Thursday, April 22, 2010

Park View comes together for their own

April 22, 2010
Cranston Herald
All text and photos by Jen Cowart

With at least 10 families severely impacted by the March floods, and several still displaced from their homes, Park View Middle School rose to action last Thursday with a Field Day for Flood Victims.

They hoped to raise $3,000 that day, but far surpassed that amount and collected almost $5,500.

Staff and students at Park View organized the event within a few days.

“It’s all about the school community here,” said Assistant Principal Chris D’Ambrosio.

The weather was favorable for the field day, and activity stations dotted the lawn. Inside, guests were treated to an ice cream social.

At the same time, 92 Pro-FM took music requests and promoted the event on the air.

According to D’Ambrosio, students were each asked to bring in $3. Some families donated more, however, as well as outside agencies and neighboring businesses who made donations.

Billie-Jo Rossi, parent of three students; one at Park View, one at Chester Barrows and one at Cranston High School East, said it’s been the “regular people” and agencies like CCAP (Cranston Community Action Program,) who have helped out the most.

Rossi and her family lived at 60 Perkins Avenue, one of the worst areas affected by the floods. They have been displaced from their home and lost everything in it.

“We had 71 inches of water in our house,” said Rossi, showing page after page; one more devastating than the next, in the photo album that she is using to document flood damage. She has had to take a leave of absence from work to concentrate on the situation at hand.

Rossi said that her daughter at Park View is having the most difficult time coping, but the faculty and staff there has been wonderful in making accommodations and helping her to get through the days.

“I’ve been here seven years, but I’ve never seen anything like this,” said Annette Harris, Park View’s social worker. “They’ve lost everything; they can’t function, they can’t do their work, they just sit and cry. The teachers tell me these were the happiest kids. [Now,] the kids feel like life isn’t fair, and they feel selfish. They miss their things but they know their families need things like a hot water heater.”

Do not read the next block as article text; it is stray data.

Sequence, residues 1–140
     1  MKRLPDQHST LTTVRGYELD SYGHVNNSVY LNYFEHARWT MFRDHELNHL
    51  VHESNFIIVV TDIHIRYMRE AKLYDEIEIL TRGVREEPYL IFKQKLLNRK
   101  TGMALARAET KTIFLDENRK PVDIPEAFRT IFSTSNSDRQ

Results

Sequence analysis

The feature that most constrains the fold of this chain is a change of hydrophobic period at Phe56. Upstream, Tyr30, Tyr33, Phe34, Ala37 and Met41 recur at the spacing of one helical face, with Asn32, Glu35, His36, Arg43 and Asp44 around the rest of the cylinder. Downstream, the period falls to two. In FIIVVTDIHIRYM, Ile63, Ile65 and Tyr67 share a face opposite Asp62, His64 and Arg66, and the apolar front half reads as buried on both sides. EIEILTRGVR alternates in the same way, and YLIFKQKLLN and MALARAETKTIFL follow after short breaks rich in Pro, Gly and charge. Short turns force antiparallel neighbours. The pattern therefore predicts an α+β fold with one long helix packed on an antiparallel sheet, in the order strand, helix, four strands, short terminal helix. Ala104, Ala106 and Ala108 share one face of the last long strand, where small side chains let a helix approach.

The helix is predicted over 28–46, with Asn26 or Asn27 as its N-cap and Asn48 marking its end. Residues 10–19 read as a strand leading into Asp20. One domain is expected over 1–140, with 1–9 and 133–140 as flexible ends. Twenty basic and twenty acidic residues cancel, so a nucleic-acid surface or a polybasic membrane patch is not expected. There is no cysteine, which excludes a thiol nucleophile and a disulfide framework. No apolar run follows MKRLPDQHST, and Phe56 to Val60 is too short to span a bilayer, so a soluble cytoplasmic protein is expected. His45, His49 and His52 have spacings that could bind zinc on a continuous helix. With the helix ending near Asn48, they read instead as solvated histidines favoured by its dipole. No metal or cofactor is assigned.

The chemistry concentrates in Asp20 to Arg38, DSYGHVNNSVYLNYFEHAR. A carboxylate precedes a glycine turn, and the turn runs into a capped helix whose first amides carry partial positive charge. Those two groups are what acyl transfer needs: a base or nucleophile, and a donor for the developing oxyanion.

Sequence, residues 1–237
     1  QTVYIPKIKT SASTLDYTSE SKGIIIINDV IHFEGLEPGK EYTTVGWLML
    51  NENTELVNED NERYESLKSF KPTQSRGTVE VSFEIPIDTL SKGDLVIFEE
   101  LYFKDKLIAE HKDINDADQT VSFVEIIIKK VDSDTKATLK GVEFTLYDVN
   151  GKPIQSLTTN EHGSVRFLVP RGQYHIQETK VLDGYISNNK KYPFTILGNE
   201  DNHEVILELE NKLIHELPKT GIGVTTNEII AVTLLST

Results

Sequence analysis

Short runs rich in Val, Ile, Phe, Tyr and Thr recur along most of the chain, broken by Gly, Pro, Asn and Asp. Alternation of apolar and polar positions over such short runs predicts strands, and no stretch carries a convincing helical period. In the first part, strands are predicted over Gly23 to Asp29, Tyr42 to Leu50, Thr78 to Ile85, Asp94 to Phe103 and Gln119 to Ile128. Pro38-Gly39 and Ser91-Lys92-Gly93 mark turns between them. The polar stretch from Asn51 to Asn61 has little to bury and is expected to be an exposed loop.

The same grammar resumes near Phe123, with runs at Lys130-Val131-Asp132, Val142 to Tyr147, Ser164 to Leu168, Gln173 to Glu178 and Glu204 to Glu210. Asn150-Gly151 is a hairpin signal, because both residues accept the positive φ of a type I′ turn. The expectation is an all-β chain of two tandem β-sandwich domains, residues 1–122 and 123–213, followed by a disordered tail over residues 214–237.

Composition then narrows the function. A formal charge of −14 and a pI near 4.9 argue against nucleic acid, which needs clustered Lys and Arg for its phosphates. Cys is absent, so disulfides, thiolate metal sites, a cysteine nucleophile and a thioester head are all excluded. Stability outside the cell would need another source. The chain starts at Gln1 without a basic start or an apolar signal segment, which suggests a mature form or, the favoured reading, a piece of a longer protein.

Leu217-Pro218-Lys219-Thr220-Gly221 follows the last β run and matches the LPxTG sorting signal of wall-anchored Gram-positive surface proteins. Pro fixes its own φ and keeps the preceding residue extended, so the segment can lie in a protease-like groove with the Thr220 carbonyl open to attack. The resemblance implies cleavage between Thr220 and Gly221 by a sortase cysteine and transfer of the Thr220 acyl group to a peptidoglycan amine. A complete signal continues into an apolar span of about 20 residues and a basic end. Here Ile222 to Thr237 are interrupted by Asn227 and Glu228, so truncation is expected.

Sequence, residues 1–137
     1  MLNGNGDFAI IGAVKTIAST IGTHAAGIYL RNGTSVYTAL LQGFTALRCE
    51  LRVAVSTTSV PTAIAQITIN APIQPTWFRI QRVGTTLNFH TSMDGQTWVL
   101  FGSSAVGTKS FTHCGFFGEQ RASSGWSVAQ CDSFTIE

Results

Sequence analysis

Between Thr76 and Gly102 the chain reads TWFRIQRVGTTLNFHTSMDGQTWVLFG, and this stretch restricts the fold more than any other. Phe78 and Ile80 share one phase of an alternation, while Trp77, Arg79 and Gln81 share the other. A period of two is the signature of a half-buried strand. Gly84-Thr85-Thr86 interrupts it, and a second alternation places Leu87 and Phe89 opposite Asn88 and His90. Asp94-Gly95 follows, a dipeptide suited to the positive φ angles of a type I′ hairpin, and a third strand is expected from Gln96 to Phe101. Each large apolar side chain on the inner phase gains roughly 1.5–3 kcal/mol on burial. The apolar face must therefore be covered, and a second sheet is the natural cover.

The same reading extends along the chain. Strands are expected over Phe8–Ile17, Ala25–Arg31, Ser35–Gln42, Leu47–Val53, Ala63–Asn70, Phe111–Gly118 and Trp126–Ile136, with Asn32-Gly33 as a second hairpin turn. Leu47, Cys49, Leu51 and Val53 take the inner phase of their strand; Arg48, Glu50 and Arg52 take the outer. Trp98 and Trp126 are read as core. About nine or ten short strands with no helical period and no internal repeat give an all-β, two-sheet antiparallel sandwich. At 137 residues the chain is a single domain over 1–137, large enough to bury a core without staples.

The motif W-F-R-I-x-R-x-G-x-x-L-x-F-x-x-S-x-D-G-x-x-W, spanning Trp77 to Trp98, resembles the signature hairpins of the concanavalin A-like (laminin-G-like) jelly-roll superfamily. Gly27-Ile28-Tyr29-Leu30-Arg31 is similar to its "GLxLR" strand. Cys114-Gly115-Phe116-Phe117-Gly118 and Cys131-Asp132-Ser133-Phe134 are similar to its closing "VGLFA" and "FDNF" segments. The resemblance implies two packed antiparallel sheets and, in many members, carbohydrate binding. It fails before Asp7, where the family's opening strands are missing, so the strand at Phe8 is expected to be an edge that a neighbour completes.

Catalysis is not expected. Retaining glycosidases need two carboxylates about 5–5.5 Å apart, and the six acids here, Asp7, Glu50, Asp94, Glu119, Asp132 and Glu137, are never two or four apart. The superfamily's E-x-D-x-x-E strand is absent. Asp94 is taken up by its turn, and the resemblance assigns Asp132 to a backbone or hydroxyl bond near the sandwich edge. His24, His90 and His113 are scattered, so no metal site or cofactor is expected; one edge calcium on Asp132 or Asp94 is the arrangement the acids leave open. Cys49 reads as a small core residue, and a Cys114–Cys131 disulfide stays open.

In response to the devastation, Harris contacted CCAP and together formed a trauma therapy group over April vacation week.

Principal Joseph Rotz was both proud and pleased with the results of the field day fundraiser.

“As a community, as a family, we wanted to do something for our children that had been displaced. The best way to do that was to raise quick funds for them,” he said.

Rotz explained that the money raised was given to the families on Friday, the last day of school before vacation.

“We’re hoping to call these families tomorrow and tell them that we’re praying for them, we’re thinking of them, and we care about them,” he said at the field day.

Rotz was also quick to credit his staff and faculty at Park View as being “completely responsible” for pulling the event together.

“It just goes to show how much our families will pull together when someone is in need,” he said.

He also made mention of the Parents and Teachers at Park View organization.

“They made a very generous donation at last night’s meeting of $500. That was top-notch, very thoughtful,” Rotz said.

Guests from the community visited the field day throughout the day. Mayor Allan Fung and a team of students took part in an intense Tug-A-War game against Rotz and another team of students, and then spoke to all of the students on the field, over the microphone.

“This is why I love this city and why I love all of you,” Fung said. “I’m proud to be here to see you helping each other through this crisis.”

Fung said he’s heard the stories of the students whose homes have been impacted by the floods.

“Each of the kids in the school and their families are helping their classmates, and others, through a very difficult time. Everyone is coming together to help the families in one of the hardest hit areas of Cranston,” he said.

Despite the fun and laughter being had at the field day, the Park View students understood the impact and true importance of what they were doing for each other on that day.

“I know one person who lost a lot in the floods,” said eighth-grader Emma Orton. “I am glad to be helping out.”

Fellow eighth-grader Kaileen Field agreed.

“I feel good about how we’re helping and supporting everybody whether we know them or not,” she said.

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